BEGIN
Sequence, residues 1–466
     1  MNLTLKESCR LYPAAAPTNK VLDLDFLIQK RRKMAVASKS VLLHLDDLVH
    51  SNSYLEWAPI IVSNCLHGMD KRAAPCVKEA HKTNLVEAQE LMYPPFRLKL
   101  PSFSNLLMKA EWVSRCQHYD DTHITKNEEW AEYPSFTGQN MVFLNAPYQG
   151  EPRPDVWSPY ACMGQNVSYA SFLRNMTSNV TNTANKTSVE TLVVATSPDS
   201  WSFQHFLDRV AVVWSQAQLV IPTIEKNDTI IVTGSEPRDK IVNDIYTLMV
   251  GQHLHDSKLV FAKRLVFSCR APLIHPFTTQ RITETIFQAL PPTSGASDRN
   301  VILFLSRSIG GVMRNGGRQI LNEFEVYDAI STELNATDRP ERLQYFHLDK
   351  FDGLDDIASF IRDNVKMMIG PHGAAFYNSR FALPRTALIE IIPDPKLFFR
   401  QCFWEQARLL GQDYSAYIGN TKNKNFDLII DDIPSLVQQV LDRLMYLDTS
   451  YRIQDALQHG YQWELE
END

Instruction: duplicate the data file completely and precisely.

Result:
Sequence, residues 1–466
     1  MNLTLKESCR LYPAAAPTNK VLDLDFLIQK RRKMAVASKS VLLHLDDLVH
    51  SNSYLEWAPI IVSNCLHGMD KRAAPCVKEA HKTNLVEAQE LMYPPFRLKL
   101  PSFSNLLMKA EWVSRCQHYD DTHITKNEEW AEYPSFTGQN MVFLNAPYQG
   151  EPRPDVWSPY ACMGQNVSYA SFLRNMTSNV TNTANKTSVE TLVVATSPDS
   201  WSFQHFLDRV AVVWSQAQLV IPTIEKNDTI IVTGSEPRDK IVNDIYTLMV
   251  GQHLHDSKLV FAKRLVFSCR APLIHPFTTQ RITETIFQAL PPTSGASDRN
   301  VILFLSRSIG GVMRNGGRQI LNEFEVYDAI STELNATDRP ERLQYFHLDK
   351  FDGLDDIASF IRDNVKMMIG PHGAAFYNSR FALPRTALIE IIPDPKLFFR
   401  QCFWEQARLL GQDYSAYIGN TKNKNFDLII DDIPSLVQQV LDRLMYLDTS
   451  YRIQDALQHG YQWELE